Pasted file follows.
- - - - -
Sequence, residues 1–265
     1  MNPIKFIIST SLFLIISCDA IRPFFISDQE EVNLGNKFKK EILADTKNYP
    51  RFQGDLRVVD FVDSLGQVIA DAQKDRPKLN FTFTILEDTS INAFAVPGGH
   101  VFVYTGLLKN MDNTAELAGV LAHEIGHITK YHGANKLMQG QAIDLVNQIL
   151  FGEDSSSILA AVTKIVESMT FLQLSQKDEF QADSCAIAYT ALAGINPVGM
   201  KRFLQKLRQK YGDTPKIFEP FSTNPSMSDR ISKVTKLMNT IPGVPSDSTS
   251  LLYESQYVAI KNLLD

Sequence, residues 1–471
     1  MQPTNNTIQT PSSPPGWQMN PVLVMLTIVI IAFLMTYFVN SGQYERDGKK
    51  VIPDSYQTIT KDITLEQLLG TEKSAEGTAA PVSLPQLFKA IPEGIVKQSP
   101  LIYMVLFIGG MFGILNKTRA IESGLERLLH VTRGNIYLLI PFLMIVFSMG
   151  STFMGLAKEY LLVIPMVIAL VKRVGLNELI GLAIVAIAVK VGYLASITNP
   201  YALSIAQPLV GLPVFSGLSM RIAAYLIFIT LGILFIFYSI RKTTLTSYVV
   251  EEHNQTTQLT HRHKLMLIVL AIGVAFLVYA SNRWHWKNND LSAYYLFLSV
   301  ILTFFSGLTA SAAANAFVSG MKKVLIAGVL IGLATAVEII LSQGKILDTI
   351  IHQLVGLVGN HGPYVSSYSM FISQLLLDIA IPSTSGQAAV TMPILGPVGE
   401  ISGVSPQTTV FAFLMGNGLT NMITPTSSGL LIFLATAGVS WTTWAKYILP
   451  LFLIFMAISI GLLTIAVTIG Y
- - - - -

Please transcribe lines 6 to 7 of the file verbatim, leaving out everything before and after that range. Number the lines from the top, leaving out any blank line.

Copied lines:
   201  KRFLQKLRQK YGDTPKIFEP FSTNPSMSDR ISKVTKLMNT IPGVPSDSTS
   251  LLYESQYVAI KNLLD